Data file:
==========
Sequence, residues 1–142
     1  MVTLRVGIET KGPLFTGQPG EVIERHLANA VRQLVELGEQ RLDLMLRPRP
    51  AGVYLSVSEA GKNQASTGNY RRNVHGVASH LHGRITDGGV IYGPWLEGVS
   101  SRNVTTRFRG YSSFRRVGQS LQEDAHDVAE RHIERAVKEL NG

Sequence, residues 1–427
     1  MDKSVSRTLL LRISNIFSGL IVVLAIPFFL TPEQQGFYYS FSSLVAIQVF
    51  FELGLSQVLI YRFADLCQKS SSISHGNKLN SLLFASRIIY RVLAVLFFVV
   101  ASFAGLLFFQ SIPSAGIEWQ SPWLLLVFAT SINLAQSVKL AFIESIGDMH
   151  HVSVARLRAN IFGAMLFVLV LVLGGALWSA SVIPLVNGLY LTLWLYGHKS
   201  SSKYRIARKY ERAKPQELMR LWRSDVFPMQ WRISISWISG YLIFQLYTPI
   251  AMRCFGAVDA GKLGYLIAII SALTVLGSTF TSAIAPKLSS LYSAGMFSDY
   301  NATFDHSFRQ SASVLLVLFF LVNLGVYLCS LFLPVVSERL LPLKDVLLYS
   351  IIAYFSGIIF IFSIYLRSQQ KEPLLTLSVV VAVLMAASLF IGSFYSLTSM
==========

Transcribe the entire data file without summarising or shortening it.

Sequence, residues 1–142
     1  MVTLRVGIET KGPLFTGQPG EVIERHLANA VRQLVELGEQ RLDLMLRPRP
    51  AGVYLSVSEA GKNQASTGNY RRNVHGVASH LHGRITDGGV IYGPWLEGVS
   101  SRNVTTRFRG YSSFRRVGQS LQEDAHDVAE RHIERAVKEL NG

Sequence, residues 1–427
     1  MDKSVSRTLL LRISNIFSGL IVVLAIPFFL TPEQQGFYYS FSSLVAIQVF
    51  FELGLSQVLI YRFADLCQKS SSISHGNKLN SLLFASRIIY RVLAVLFFVV
   101  ASFAGLLFFQ SIPSAGIEWQ SPWLLLVFAT SINLAQSVKL AFIESIGDMH
   151  HVSVARLRAN IFGAMLFVLV LVLGGALWSA SVIPLVNGLY LTLWLYGHKS
   201  SSKYRIARKY ERAKPQELMR LWRSDVFPMQ WRISISWISG YLIFQLYTPI
   251  AMRCFGAVDA GKLGYLIAII SALTVLGSTF TSAIAPKLSS LYSAGMFSDY
   301  NATFDHSFRQ SASVLLVLFF LVNLGVYLCS LFLPVVSERL LPLKDVLLYS
   351  IIAYFSGIIF IFSIYLRSQQ KEPLLTLSVV VAVLMAASLF IGSFYSLTSM